- Businesses like Shell and Walmart are accused of greenwashing. Twenty-seven percent of companies are reducing their level of external communication about ESG and citing terms like sustainability and social impact instead.
- Government on the state level has roughly half of all anti-ESG bills gaining traction, while federal regulation from the Securities Exchange Commission (SEC) on greenhouse gas emissions (GHG) is still on hold. The armwrestling continues with lawyers sending subpoenas to fund managers over ESG disclosures and investors giving support for a ruling.
This is just a small fraction of what is happening in this space but rather than get caught up in the spin, we as practitioners need to elevate the conversation and concentrate on what is constant.
- ESG puts an important spotlight on non-traditional risk and revenue opportunities. ESG unifies the non-financial metrics of: environmental waste, human capital, employee satisfaction, supply chain diversification, board oversight and ethics, and dozens of others small teams. By quantifying unseen risks (cost savings) and uncovering revenue opportunities (new market growth), what once was just small wins/gains alone together accounts for material financial impact to the business.
- ESG contributes to financial gain. A company that increases its ESG score by 10 points experiences an increase of approximately 1.8x in its EV/EBITDA multiple. And long term the impact remains stable, with 90% of studies showing ESG having a neutral or positive impact on Corporate Financial Performance (CFP).
- ESG is accelerating globally. Global ESG regulation has increased by 155%, with new mandatory standards in the EU and APAC.
- ESG shouldn’t be the focus. First rule of ESG: don’t talk about ESG. ESG reports that overuse the phrase immediately signal marketing speak over material substance. ESG scoring and ranking is still made up of the sum of its parts. Sophisticated algorithms are looking for hundreds of keywords to signal broad reach and specific program references, like human capital, materiality assessment, pay equity studies, board diversity disclosures, and more.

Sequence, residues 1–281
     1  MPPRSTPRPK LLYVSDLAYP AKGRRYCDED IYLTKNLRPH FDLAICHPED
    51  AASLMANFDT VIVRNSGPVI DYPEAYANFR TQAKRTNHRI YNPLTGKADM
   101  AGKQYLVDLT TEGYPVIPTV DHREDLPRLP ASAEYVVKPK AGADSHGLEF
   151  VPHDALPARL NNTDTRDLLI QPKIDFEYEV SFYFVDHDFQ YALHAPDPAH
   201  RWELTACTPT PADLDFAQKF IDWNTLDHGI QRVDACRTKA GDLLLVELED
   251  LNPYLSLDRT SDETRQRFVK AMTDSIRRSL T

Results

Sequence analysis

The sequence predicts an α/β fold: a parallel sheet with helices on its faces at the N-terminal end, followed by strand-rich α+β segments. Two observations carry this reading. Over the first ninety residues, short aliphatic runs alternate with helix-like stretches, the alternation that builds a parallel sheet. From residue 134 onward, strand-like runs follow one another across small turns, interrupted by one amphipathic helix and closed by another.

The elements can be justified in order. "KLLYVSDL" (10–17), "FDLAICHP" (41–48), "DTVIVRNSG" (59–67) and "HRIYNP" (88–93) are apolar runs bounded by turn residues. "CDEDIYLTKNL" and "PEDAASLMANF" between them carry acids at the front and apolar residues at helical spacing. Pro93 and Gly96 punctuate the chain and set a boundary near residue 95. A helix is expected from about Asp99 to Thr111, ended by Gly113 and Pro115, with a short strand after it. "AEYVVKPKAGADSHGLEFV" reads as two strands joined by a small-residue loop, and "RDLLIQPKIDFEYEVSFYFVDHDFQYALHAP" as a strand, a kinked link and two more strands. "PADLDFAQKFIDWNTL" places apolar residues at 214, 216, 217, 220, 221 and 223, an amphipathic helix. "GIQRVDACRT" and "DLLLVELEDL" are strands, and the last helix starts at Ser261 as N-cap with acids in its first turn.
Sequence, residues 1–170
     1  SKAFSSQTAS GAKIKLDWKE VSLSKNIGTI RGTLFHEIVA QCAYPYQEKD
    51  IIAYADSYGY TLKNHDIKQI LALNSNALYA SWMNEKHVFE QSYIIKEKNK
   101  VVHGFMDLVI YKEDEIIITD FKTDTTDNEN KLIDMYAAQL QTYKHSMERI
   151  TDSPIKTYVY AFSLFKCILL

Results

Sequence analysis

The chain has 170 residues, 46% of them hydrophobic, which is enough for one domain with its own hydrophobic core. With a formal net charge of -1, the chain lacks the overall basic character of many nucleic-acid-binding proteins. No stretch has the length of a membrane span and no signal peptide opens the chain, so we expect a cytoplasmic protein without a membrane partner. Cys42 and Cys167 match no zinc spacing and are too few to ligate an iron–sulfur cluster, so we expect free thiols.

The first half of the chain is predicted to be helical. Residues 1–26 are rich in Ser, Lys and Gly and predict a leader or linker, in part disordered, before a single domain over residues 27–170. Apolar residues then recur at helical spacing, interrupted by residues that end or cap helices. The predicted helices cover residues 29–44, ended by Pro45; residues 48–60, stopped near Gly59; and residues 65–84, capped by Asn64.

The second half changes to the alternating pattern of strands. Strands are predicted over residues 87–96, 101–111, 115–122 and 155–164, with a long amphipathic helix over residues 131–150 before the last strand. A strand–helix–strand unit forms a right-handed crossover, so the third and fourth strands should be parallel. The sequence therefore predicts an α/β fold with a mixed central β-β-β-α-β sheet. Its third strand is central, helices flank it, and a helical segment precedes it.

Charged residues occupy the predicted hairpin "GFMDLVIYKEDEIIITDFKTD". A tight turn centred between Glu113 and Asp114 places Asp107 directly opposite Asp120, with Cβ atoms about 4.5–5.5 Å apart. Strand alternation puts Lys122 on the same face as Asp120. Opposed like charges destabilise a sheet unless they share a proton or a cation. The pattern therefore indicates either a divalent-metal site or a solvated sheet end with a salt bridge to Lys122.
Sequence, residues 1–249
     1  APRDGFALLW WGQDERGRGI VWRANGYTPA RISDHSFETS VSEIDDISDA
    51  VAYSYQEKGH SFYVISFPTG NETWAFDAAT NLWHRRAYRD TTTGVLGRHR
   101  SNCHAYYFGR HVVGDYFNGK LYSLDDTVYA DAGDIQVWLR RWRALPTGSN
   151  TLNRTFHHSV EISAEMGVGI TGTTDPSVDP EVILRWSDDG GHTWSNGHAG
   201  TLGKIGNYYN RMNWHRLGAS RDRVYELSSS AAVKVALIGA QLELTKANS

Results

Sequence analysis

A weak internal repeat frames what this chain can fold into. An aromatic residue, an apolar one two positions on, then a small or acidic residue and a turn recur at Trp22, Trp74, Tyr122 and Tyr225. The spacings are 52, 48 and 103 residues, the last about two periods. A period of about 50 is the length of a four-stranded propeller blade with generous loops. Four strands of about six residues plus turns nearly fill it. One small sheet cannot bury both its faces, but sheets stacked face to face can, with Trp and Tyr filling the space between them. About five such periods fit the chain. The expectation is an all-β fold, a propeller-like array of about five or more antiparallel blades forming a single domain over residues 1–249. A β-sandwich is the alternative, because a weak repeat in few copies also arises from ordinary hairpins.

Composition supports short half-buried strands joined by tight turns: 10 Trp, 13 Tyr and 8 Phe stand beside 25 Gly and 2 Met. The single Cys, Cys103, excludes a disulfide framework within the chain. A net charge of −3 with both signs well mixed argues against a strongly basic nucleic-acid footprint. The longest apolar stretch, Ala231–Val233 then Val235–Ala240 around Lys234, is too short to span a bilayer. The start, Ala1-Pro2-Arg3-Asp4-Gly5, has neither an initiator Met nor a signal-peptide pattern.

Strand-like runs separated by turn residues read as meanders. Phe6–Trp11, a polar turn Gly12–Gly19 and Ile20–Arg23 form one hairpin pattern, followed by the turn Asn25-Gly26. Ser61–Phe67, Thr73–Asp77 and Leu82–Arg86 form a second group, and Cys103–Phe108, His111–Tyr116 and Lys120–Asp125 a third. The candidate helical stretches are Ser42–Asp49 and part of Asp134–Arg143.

- ESG teams should be temporary. A successful ESG team is one that has integrated its activities into the right business functions so they become a part of the company’s long-term success. We should all aspire to be like Malu Pinto e Paiva, EVP of sustainability at Vale. Paiva envisions her role as temporary; her goal is to embed sustainability throughout the organization: "My role should be biodegradable.”
While ESG as a term may not survive the scrutiny over time, as practitioners we must stay engaged with skeptics and address their concerns. The work is here to stay as long as we focus on clarity of purpose: we create value for the company.
About the Author:
Kari Hayden Pendoley is the Founder of Impact Savvy a strategy firm bringing profit and purpose together for its ESG and DEIB clients. Kari has worked with Fortune 5 companies, Nobel Laureates, Forbes Top 10 Self-Made Women, celebrated social entrepreneurs, and government agencies. Kari is a National Diversity Council certified practitioner, a Board member, and a thought leader writing for industry blogs and speaking at events.